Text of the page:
Here's another table for you.
What do you know about these tables? Money.
What does that mean?
It means you need to make sure you take these tables and get a good understanding,
reminding information that in this table if you truly understand your pathology.
These tables speak volumes to you, it can use in pathology, pharmacology, microbiology, so on and so forth.
So here the topic is still acute bacterial meningitis. Okay? Strictly, bacterial.
Tell me about glucose in your cerebrospinal fluid, high or low? Low.
Protein content, high or low in the CSF? High. Your WBC's?
Well, granted WBC would be elevated in any type of meningitis.
But here specifically, what kind of WBC's would you expect to see in bacterial? Good, neutrophils.
Okay. Now, based on that what are the arameters that we're looking at here? We have the predisposing factors in terms of age,
then depending on the age, we'll talk about the most common bacterial pathogen
and then quickly, we'll take a look at management, commonly for antimicrobial therapy.
Less than one month, what are the organisms? You come positive streptococcus agalactiae, agalactiae. Memorize that.
E. coli, gram negative organism. Listeria, at least know those three organisms
causing acute bacterial meningitis in a child less than one month.
Antimicrobial therapy, this keeps changing
but for the most part, you have ampicillin being a common denominator plus cefotaxime or may be perhaps aminoglycoside.
Now, what an interesting point that the boards love to asked in clinically that you need to make sure
that if you're getting questioned by your attending
and you wanna make sure that your well versed with a, let's say drug interactions.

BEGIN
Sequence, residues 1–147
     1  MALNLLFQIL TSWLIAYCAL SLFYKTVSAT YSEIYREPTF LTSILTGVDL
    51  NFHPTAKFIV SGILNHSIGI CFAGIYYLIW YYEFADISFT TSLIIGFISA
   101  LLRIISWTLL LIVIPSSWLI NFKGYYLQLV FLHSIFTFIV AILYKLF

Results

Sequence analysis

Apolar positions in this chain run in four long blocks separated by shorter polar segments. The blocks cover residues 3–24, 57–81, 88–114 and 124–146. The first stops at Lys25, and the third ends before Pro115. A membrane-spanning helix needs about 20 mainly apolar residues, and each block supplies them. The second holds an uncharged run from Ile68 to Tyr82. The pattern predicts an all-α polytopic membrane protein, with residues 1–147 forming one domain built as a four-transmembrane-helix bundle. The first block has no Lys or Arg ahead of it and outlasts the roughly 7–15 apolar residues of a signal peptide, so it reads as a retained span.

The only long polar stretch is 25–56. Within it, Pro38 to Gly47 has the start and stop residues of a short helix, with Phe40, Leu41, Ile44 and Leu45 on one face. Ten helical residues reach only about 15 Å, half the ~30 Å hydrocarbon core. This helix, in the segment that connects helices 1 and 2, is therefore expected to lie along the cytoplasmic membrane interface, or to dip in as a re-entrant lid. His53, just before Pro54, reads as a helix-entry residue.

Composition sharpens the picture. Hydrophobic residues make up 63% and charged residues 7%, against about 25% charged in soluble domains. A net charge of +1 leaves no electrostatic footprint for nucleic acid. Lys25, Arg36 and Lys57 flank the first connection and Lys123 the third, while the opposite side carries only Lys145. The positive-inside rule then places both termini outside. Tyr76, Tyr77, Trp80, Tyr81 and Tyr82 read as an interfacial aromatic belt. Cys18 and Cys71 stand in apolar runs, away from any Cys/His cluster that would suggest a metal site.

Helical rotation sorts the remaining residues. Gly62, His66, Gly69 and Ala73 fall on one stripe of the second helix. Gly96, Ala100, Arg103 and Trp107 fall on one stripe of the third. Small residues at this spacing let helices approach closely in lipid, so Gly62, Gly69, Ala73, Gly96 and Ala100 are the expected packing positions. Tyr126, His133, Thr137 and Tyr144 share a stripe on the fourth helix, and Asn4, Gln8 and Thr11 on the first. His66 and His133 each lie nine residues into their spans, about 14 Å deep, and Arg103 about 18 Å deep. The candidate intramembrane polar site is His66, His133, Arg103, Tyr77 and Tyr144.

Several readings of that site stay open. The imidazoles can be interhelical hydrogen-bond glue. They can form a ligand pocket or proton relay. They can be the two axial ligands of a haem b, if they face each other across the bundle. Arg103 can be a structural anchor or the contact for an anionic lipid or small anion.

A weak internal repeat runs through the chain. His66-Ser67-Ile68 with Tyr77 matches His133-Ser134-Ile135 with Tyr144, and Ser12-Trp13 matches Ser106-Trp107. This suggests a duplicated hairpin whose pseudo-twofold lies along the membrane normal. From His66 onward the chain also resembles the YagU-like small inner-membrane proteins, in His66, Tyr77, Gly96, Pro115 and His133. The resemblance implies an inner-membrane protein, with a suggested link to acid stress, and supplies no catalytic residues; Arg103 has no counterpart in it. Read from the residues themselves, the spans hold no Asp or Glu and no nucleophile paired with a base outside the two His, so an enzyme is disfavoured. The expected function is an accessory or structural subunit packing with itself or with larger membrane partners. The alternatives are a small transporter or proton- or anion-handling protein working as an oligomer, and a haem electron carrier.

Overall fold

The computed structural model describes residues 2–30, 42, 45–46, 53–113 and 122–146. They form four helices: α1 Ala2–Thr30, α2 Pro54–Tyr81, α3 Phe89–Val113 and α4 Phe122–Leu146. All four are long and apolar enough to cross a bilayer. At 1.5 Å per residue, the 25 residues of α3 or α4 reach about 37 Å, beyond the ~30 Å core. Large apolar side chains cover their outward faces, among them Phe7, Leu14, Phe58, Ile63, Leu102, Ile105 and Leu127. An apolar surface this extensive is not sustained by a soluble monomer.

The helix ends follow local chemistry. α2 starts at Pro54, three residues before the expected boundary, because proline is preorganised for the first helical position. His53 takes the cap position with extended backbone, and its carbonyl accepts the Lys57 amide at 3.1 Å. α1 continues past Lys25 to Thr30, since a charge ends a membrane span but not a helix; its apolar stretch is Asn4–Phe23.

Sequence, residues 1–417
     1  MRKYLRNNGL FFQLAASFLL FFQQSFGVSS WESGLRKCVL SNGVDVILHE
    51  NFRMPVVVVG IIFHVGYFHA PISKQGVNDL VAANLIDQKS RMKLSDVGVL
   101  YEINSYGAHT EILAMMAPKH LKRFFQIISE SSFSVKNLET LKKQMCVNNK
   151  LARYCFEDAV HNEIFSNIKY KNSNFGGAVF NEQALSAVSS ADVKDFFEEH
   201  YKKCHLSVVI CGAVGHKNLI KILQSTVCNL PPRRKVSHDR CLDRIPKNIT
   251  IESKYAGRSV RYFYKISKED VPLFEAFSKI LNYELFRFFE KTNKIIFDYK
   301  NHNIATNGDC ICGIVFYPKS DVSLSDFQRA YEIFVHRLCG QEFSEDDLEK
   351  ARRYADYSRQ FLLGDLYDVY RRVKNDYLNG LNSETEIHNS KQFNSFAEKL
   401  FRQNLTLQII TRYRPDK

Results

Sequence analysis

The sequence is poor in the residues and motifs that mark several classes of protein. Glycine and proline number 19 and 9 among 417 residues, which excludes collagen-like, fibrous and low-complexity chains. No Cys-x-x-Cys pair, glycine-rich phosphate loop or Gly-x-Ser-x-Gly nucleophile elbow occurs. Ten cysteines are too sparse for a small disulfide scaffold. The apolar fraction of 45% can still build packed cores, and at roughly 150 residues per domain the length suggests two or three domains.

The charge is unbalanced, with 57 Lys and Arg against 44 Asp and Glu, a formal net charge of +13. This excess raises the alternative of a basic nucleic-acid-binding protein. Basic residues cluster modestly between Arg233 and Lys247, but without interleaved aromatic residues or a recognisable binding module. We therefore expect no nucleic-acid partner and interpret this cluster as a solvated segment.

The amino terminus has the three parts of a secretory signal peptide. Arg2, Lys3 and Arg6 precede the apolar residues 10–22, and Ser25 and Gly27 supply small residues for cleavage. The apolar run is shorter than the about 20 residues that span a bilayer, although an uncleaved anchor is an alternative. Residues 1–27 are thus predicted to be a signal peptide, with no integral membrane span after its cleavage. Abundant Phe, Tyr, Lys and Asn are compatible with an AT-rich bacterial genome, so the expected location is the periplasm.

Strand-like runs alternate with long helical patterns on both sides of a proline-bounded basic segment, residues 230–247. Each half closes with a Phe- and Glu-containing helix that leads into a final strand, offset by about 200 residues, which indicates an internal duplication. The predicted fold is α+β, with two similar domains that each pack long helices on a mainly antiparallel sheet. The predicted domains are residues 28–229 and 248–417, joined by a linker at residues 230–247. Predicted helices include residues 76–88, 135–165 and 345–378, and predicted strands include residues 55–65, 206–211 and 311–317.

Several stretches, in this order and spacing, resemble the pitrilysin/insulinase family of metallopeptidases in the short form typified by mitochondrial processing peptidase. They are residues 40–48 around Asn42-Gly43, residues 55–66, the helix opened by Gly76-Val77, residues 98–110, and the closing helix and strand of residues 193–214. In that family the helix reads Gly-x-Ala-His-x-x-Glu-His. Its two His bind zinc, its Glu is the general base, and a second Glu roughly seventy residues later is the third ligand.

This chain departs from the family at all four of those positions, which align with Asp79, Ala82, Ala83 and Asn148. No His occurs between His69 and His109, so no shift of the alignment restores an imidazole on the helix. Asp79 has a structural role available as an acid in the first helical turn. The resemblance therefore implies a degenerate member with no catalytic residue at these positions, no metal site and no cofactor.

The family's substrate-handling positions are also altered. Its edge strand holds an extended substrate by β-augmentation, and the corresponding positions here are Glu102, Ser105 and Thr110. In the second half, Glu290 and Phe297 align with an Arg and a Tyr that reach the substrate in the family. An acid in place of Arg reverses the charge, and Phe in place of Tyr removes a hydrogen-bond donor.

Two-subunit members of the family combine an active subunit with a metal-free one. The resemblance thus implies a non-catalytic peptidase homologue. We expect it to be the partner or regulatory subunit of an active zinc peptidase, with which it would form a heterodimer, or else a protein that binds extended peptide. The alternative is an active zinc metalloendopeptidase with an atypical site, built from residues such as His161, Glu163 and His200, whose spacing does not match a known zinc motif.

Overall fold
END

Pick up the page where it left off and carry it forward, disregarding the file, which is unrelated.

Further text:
1 to 23 months and now we're getting close to two years; what kind of organisms
are we looking at here? Still streptococcus may be perhaps but this time it's pneumoniae; neisseria
it's ringing its ugly head here and you still have agalactiae and we have a new comer
and that would be our haemophilus influenza.
Keep that in mind but I wanna make sure that you're clear.
Here, if you're thinking about this age group may be perhaps a vancomycin.
And we have a little bit later. A little bit later, meaning what?
The two extreme ages of life; very young and very old.
For this row; very young, very old. We have streptococcus pneumoniae and neisseria species; once again a vancomycin.
Then greater than 50, you should be thinking about streptococcus pneumoniae and maybe perhaps your listeria monocytogenes.
Alright, so now, we're getting to old once again a vancomycin plus ampicillin and then you have plus your third-generation.
So, here's a general overview as to what you can expect in terms of common pathogens, to all of these oral bacteria, okay.